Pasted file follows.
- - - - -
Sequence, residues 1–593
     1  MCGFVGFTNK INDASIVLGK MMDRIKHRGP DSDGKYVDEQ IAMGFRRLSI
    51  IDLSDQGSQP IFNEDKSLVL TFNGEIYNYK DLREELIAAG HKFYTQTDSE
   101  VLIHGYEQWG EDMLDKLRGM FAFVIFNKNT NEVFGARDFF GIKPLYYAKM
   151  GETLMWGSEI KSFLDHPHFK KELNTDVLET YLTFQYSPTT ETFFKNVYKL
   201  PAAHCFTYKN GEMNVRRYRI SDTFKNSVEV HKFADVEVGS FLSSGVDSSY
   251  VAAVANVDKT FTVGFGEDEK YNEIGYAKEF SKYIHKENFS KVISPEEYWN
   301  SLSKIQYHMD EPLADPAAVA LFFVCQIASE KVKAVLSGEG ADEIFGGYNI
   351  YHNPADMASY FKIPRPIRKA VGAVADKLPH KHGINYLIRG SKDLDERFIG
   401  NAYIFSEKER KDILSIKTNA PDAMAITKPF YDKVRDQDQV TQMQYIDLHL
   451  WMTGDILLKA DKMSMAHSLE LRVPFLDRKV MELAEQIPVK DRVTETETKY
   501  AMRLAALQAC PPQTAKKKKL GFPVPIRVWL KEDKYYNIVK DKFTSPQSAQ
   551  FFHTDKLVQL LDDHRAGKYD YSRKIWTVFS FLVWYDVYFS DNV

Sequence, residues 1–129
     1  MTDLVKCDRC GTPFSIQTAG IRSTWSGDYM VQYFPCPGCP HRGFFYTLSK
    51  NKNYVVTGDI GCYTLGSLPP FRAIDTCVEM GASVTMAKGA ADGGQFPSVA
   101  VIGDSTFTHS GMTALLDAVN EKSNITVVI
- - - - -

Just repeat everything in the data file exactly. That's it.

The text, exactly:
Sequence, residues 1–593
     1  MCGFVGFTNK INDASIVLGK MMDRIKHRGP DSDGKYVDEQ IAMGFRRLSI
    51  IDLSDQGSQP IFNEDKSLVL TFNGEIYNYK DLREELIAAG HKFYTQTDSE
   101  VLIHGYEQWG EDMLDKLRGM FAFVIFNKNT NEVFGARDFF GIKPLYYAKM
   151  GETLMWGSEI KSFLDHPHFK KELNTDVLET YLTFQYSPTT ETFFKNVYKL
   201  PAAHCFTYKN GEMNVRRYRI SDTFKNSVEV HKFADVEVGS FLSSGVDSSY
   251  VAAVANVDKT FTVGFGEDEK YNEIGYAKEF SKYIHKENFS KVISPEEYWN
   301  SLSKIQYHMD EPLADPAAVA LFFVCQIASE KVKAVLSGEG ADEIFGGYNI
   351  YHNPADMASY FKIPRPIRKA VGAVADKLPH KHGINYLIRG SKDLDERFIG
   401  NAYIFSEKER KDILSIKTNA PDAMAITKPF YDKVRDQDQV TQMQYIDLHL
   451  WMTGDILLKA DKMSMAHSLE LRVPFLDRKV MELAEQIPVK DRVTETETKY
   501  AMRLAALQAC PPQTAKKKKL GFPVPIRVWL KEDKYYNIVK DKFTSPQSAQ
   551  FFHTDKLVQL LDDHRAGKYD YSRKIWTVFS FLVWYDVYFS DNV

Sequence, residues 1–129
     1  MTDLVKCDRC GTPFSIQTAG IRSTWSGDYM VQYFPCPGCP HRGFFYTLSK
    51  NKNYVVTGDI GCYTLGSLPP FRAIDTCVEM GASVTMAKGA ADGGQFPSVA
   101  VIGDSTFTHS GMTALLDAVN EKSNITVVI